The article notes in bold letters that, “Girls are doing it too,” and highlights the story of a young woman on Long Island who traded in the new automobile her father gave her as a Christmas present for a motorboat. “I have no dust or dirt and no trouble with bad tires,” she is quoted as saying, and describes the scenery: “It’s so beautiful. There isn’t a bit of scenery in Europe so grand as that which I see each evening as I ride around the Sound in my boat, watching the sun sink over the hills and trees.”


The Roaring Twenties made millionaires out of ordinary citizens, and the luxury market rose up to meet the new demand. Consolidated Shipbuilding out of Morris Heights, New Jersey, had recently resumed its commercial operations after building destroyers and minesweepers for use by the US Navy during WWI. When the war ended, they converted their production line to the newly popular day cruisers and speedboats. They quickly established themselves as one of the top wooden yacht builders in the east.

The lushly appointed commuter yachts featured sleeping cabins, kitchens, and pilot houses for protection from the elements. They often came outfitted in mahogany, rosewood and plate glass and were stocked with the latest electrical appliances, including phonographs, toilets, iceboxes and electric lights.

To purchase one of the new state-of-the-art yachts, a customer would hire a yacht agent. An agent knew the latest amenities and trends, and published a catalog of the season’s newest models from a variety of boat builders. Once he established a customer’s needs, he would present them with several options and often escort them to a harbor to view the boat. He would arrange for the sale or rental between the buyer and the boat company.

One such yacht agent in Manhattan was Gerald W. Ford, who started his Manhattan yacht agency around 1917. By the time of the 1920s water commuting fad, he had established an office on 42nd Street in Midtown Manhattan, and he lived in the water commutable suburb of New Rochelle, NY. It is reasonable to assume that he was one of the boat commuters mentioned in the New York Tribune article. At the time, he owned a 1908 37-foot yacht called the Broadbill which he likely used for the roughly 1.5hour commute.

The son of Irish immigrants, Ford eventually patented the name G.W. Ford Yacht Agency and moved his office to the Chrysler building, where it remained through the 1950s. He appears to have been a lifelong boat enthusiast and collector; later he also acquired a 12-meter sailboat called the Nyala.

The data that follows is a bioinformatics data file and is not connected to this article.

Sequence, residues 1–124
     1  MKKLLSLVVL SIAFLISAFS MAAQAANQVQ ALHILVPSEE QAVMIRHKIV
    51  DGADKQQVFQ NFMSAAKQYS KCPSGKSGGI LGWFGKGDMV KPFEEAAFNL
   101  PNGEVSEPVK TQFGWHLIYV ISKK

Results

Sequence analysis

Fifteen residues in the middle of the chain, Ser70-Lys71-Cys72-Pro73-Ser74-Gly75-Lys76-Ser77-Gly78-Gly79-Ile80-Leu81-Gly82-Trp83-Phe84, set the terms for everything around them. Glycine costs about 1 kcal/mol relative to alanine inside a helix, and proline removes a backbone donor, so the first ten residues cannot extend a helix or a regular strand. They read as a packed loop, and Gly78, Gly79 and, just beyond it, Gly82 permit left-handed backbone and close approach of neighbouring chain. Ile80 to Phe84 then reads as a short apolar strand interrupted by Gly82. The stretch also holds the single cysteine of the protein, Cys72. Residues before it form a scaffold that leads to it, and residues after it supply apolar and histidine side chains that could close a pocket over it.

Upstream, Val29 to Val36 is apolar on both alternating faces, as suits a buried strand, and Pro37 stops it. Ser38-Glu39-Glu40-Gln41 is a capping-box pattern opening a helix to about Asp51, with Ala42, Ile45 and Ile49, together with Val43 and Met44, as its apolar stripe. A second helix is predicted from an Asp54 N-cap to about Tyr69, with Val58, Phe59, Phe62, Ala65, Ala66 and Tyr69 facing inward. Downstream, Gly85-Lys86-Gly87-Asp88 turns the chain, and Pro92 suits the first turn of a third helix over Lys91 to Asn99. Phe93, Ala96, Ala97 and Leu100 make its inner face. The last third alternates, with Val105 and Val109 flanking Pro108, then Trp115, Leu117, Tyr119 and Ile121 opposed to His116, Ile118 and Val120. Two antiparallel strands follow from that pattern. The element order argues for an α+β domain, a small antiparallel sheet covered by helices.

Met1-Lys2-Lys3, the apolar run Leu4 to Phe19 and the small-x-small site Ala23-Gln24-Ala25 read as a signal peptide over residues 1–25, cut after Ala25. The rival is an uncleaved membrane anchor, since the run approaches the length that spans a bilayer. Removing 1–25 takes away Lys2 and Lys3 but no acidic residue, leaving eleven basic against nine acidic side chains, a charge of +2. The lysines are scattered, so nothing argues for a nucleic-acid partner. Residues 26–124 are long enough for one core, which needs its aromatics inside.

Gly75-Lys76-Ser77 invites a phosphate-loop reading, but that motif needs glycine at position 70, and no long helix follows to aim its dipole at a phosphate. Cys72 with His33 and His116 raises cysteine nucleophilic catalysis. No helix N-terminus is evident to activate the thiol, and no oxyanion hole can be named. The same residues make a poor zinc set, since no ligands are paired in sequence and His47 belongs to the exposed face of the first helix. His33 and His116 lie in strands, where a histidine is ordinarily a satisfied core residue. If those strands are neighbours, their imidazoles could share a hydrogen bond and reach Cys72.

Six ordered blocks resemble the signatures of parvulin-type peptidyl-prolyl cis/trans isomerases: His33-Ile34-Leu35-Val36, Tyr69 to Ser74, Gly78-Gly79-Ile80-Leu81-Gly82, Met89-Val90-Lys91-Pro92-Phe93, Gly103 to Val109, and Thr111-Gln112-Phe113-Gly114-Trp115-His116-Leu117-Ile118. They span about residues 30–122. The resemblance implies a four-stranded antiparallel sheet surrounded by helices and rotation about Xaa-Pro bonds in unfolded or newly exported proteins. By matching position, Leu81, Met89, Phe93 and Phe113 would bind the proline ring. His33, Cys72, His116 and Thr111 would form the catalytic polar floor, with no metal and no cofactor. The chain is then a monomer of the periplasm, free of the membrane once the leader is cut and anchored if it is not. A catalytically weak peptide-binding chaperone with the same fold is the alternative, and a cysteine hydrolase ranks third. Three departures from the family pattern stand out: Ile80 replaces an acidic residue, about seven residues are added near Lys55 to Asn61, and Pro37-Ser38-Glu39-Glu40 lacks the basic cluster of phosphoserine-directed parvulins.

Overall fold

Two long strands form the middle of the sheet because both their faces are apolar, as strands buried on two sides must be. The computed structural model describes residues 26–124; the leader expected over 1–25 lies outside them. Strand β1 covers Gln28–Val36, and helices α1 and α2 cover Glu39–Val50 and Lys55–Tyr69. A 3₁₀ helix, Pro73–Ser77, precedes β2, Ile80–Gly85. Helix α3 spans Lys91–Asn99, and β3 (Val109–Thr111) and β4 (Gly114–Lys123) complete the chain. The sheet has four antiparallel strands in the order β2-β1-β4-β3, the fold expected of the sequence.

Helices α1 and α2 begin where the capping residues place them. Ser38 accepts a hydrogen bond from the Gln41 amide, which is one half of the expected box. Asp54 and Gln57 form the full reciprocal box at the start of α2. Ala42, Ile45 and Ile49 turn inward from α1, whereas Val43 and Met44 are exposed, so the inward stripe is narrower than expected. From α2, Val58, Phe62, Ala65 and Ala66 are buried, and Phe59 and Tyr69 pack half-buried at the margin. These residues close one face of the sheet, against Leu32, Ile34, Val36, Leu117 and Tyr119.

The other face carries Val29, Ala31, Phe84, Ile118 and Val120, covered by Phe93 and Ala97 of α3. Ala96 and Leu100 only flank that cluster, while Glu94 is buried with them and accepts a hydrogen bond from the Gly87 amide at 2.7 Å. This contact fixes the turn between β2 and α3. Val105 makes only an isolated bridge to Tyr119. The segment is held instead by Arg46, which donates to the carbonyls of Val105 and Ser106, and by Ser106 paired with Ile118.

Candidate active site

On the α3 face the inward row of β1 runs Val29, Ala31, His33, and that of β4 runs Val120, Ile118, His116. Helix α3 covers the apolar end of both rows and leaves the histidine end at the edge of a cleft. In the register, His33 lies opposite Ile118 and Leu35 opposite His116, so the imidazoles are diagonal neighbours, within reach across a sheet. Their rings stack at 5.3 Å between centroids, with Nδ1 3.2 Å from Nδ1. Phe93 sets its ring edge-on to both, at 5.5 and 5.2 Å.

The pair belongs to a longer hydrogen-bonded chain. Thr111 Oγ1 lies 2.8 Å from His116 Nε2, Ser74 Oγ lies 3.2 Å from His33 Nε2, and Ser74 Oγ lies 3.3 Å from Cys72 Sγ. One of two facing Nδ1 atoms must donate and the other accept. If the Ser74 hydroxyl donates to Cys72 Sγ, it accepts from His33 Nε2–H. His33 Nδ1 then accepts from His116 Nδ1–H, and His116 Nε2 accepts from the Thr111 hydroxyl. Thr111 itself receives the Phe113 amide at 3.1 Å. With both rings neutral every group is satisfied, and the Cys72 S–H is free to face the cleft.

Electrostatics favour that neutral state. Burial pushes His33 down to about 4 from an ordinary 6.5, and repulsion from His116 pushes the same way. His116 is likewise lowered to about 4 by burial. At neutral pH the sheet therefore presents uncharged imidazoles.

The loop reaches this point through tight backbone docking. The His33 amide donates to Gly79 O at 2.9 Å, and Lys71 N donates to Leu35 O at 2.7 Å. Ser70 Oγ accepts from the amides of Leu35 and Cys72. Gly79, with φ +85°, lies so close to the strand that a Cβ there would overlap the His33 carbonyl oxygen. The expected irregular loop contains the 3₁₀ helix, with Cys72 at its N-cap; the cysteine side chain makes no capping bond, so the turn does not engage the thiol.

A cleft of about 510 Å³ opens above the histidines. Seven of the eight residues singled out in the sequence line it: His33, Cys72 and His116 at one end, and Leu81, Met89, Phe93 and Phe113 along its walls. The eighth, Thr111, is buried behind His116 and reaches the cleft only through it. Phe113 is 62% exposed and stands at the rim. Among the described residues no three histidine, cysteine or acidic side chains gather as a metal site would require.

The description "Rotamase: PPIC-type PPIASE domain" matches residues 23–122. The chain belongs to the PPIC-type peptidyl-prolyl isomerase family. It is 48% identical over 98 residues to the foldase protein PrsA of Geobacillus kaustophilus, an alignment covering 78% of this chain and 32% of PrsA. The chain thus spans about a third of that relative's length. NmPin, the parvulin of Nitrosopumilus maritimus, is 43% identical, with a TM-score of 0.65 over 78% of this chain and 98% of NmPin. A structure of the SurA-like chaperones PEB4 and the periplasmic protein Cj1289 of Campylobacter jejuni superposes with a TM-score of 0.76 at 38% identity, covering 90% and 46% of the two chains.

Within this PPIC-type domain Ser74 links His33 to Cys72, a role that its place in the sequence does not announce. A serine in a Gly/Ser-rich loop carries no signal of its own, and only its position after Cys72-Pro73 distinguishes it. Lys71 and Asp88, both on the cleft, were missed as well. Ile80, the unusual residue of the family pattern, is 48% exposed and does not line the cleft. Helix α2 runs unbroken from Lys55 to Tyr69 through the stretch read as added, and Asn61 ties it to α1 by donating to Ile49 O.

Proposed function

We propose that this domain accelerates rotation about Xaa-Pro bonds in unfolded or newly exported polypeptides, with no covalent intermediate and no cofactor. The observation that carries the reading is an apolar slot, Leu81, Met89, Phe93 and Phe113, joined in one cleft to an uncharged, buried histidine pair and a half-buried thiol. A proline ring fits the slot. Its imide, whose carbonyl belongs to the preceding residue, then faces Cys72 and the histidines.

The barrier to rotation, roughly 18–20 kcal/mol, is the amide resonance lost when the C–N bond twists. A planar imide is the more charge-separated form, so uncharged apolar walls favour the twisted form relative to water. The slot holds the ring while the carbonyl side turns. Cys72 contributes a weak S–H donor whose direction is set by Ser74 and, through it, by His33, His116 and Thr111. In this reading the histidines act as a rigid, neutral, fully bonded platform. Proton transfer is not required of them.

According to Maher, the name Gerald W. Ford also appears as a later owner on the title of the Cherokee. There is no way to prove it is the same person, but it is not difficult to imagine yacht agent Ford eventually taking possession of the wooden yacht.


Prior to its arrival in Walworth County, the Cherokee had found its way to Old Mystic Seaport, CT, site of the Mystic Seaport Museum of America and the Sea. Now it is a favorite sight on Delavan Lake in the summers. “People go nuts over it,” Maher said. “We have people run out of their homes to take pictures of it, and people in boats who come up alongside to honk their horns.”

Maher makes the yacht available for charters through, his website and Facebook page. The yacht has been used for wedding photos and memorial services and everything in between. As a member of the Delavan Lake Yacht Club, Maher also uses it as a spectator boat for races and regattas.

Ultimately he considers the Cherokee a tribute to his brother Dan, who convinced him to purchase the boat; sadly, Dan passed away in 2012. “I view it as sort of a tribute to him, and his expertise in captaining,” Maher said. “He really helped out in the beginning, and kept me grounded as I was tackling the project, kept me sane and calm.”

From the yacht commuting era of the 1920s to the leisure boating of today, the Cherokee has survived endless changing tastes and harsh conditions, which is a testament to the classic construction of Consolidated Shipbuilders. The 2014 season marks the Cherokee’s 90th. Thanks to Maher’s diligent work, it’s a milestone the yacht will celebrate in the water, a Delavan Lake icon.